Player Preview – Scott Kazmir
(Photo Credit: Yardbarker.com)
This is the tale of two pitchers. It is the best of Scott Kazmir, and the worst of Scott Kazmir. On one hand, we have a pitcher that was nearly ace-quality, dominating the AL despite injury problems, and shining as a lone bright spot on a number of Tampa Bay Devil Rays teams that were not terribly good. On the other, we have a pitcher who continues to have injury problems, and who also appears to be losing his stuff, and certainly losing his near-ace status. Thankfully, the Angels didn’t trade any quality prospects for Scott Kazmir version 2.0, right?
From 2004, when Kazmir first came up with Tampa Bay, until 2007, the last year the team was known as the Devil Rays, he was a very good pitcher. Despite some injury issues, he averaged 24 starts per season, and posted a 3.64 ERA, a 9.7 K/9, and a 4.1 BB/9 across those four years. In 2008, looking to turn the corner from the terrible teams of the past, they changed their name to the Tampa Bay Rays, and as the Rays fortunes started heading up, Kazmir’s turned down. Injury issues again shortened Kazmir’s 2008, perhaps his last great season, and while he only made 27 starts, he finished with an ERA of 3.49 and an appearance at the All-Star Game. His FIP, however, was already on the rise, moving from 3.45 the year before to finish 2008 at 4.37. It was a sign of things to come.
As good as Kazmir’s 2004-2007 was, his 2008-May 2010 makes him look like an entirely different person. His ERA over that span was up to 4.42, his K/9 down to 8.4 (down further from 2009-May 2010 to 7.1), while his walk rate held the same at 4.1 BB/9. His HR rate, which had been at 0.8 HR/9, also climbed to 1.2 HR/9. His FIP, which had not moved higher than 3.76 since his first full season in the majors, has never dropped below 4.26 since 2008, and for 2010 currently sits at 6.05. In fact, most all of his peripheral numbers show a decline from 2008 onward. His LOB% (Left On Base Percentage, or how often he strands runners on base) has fallen from the mid-70% range to the mid-60% range. His FB%, which has hovered right around 40%, is now up between 45-50%. His GB%, which was in the low 40% range, is now in the low 30% range. Perhaps adding insult to injury, his BABIP is actually better from 2008 forward than it is for 2004-2007, which would not be what you would expect given the clear differences in performance.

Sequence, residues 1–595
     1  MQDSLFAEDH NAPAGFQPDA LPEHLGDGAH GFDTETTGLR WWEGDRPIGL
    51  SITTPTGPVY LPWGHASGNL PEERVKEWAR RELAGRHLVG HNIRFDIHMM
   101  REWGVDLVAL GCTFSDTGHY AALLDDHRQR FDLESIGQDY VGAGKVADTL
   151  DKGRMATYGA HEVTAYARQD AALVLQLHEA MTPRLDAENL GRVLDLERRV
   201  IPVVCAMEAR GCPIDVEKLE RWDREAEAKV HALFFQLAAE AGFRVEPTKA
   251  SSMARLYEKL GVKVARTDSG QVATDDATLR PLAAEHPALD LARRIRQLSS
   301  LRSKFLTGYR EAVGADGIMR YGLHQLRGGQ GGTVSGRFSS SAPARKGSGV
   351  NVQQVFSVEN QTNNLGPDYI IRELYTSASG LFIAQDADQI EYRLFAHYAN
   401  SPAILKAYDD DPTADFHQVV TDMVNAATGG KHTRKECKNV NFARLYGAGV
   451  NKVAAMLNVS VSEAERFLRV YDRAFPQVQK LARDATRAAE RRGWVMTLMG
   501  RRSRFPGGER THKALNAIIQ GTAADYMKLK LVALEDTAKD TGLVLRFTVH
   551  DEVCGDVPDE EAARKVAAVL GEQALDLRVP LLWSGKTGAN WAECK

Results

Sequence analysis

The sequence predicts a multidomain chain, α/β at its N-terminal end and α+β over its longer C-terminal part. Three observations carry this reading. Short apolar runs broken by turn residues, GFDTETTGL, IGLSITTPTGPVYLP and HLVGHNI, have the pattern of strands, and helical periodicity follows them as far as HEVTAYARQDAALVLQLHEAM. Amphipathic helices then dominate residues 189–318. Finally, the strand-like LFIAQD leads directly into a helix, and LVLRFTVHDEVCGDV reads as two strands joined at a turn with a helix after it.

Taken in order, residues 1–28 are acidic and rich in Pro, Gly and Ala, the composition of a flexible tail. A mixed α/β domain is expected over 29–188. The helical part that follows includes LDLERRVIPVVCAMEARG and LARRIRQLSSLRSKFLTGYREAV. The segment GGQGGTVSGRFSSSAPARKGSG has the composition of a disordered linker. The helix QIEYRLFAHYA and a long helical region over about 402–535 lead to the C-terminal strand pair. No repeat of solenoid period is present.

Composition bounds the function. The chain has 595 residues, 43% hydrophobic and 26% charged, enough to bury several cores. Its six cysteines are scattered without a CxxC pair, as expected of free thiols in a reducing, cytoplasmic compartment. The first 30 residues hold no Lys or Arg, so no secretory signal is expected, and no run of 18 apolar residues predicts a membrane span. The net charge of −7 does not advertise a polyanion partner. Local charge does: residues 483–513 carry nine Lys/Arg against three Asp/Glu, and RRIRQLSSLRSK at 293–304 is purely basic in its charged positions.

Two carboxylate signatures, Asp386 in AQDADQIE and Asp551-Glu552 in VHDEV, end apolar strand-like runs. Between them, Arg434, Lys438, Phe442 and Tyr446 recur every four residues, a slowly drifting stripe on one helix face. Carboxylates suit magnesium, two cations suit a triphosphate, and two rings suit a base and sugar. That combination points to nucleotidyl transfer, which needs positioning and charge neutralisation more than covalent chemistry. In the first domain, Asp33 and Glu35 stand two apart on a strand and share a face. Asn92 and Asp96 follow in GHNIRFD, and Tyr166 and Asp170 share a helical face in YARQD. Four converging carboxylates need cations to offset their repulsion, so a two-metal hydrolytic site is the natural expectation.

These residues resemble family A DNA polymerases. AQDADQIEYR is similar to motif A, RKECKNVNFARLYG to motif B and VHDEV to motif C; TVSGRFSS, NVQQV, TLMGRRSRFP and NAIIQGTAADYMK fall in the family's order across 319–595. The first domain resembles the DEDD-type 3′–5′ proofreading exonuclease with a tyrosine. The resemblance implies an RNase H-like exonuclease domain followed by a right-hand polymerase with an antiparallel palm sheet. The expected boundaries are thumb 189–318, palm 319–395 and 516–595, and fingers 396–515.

What does all this mean for Kazmir, and the Angels, going forward? It’s hard for me to imagine the Angels coming out winners in the deal for Kazmir, which sent Sean Rodriguez, Alex Torres, and Matt Sweeney to the Rays and left the Angels paying Kazmir $28.5MM, plus an additional $13.5MM if his 2012 option is exercised. As much of a bargain as Kazmir was at the beginning of his career, he may just the opposite now.
On the performance side, there’s utterly nothing to indicate to me that we’ll see the return of the 2004-2007 Scott Kazmir. He’s averaged four fewer starts in that time than the beginning of his career because of further injury problems, and that’s likely to be an issue that sticks with him. I think we’re likely to see Kazmir finish 2010 with an ERA around 4.50, a FIP of about 4.30, see his K’s drop to about 115 for the season due to his eroding stuff, and pitch no more than 155 innings for us. The near-ace Kazmir is a thing of the past, and the expectation that he’ll return to that form needs to go with it.
(Nate Proctor is the lead writer for Halo Hangout. You can stay up to date on all of Nate’s work by following him on Twitter, Facebook, or by way of the Halo Hangout RSS feed.)